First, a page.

I think your review and photos will be helpful to many. You make a very good point which others may have missed--the LSR30X were never designed to be computer speakers although they can sort-of work--if you have the space.
These are professional powered studio monitors that were designed as a tool to be used by audio engineers and music producers. Their price point (especially now) makes them appealing to home audio enthusiasts; however, comparisons with consumer audio equipment will definitely be an apples to oranges affair. For a fair comparison of features, performance, and sound quality, check out the Mackie MR5mk3 ($240/pair), M-Audio BX5 D3 ($298/pair), or Yamaha HS5 ($400/pair).
The tonal balance of the LSR30X is intended to be useful to professionals for identifying and correcting issues with the mix rather than to be pleasurable to listen to for entertainment. There is enough bass to tell what's going on without masking or obscuring details. More bass output might be more enjoyable, but it it is not necessary and would make the LSR30X less effective as a tool.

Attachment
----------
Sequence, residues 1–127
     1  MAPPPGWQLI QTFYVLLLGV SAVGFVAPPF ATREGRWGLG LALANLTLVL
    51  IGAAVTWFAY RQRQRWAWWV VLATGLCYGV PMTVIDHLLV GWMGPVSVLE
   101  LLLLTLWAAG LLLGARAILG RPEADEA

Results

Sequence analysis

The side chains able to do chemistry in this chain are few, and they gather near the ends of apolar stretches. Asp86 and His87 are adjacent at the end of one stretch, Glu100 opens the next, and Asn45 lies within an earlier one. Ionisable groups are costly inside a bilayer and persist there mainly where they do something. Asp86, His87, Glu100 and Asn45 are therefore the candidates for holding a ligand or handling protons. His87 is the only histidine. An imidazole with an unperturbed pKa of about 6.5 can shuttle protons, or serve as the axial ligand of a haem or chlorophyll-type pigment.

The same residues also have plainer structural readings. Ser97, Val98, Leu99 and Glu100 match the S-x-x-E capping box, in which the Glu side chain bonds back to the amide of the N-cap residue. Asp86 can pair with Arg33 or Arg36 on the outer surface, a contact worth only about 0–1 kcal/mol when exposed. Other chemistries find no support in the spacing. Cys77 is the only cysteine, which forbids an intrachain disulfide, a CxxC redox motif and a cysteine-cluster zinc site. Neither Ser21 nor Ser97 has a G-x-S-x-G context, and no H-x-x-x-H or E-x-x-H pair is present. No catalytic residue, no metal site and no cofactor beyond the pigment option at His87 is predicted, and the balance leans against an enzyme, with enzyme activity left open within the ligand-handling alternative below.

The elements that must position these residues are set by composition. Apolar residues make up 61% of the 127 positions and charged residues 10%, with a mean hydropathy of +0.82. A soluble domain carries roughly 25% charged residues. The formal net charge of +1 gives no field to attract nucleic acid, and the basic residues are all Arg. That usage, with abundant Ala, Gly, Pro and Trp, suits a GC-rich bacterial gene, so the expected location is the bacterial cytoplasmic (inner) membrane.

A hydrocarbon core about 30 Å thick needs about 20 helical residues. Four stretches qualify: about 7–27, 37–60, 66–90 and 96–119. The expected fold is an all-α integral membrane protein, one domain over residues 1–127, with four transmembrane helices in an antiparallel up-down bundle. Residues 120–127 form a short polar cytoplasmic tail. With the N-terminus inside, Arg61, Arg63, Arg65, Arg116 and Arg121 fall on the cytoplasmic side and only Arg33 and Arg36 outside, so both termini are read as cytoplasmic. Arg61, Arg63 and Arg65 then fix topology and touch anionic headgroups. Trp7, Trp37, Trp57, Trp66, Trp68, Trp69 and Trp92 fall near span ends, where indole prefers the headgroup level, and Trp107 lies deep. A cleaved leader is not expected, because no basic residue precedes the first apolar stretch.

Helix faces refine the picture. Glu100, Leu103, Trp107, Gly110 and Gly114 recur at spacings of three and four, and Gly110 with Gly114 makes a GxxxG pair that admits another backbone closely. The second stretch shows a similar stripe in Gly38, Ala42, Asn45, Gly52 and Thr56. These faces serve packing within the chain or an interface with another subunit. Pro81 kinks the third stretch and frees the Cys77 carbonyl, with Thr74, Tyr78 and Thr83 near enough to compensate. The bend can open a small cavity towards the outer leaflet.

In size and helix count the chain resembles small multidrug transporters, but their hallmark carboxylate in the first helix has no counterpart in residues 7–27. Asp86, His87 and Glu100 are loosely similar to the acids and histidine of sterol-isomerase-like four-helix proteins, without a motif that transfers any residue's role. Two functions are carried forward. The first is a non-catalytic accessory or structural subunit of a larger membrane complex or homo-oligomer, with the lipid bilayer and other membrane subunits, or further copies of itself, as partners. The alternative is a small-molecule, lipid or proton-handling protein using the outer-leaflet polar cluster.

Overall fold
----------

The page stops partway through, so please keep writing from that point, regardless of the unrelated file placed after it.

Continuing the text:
Although the cabinets are fairly large for a 5" 2-way, the laws of physics limit the depth and level of bass that is possible at acceptably low distortion. As car geeks say, "there's no replacement for displacement!" Also, as you have pointed out, for deeper bass, a powered sub (or two) is the way to go. Although not the equivalent of a sub, the original version of the JBL LSR308 (with 8" woofers) is now available, until they sell out, for $300/pair, which is a crazy good deal for those who want more bass, have the space and don't care to spend for sub(s).
The JBL 3-Series LSR monitors work well in nearfield applications but really benefit from installation on proper stands vs. setting them on a desk or table. If you are impressed by their soundstage now, just wait until you have them on stands! As I've mentioned elsewhere, lows benefit from a little room gain, so try placing the stands 1 - 2 ft from the rear or side walls if possible.
At their price point, the JBL 3-Series has always been tough to beat for their intended application. They can work acceptably well in consumer audio applications with due care given to placement and connections and perhaps with judicious use of equalization to achieve a more pleasing tone. Cheers and happy listening!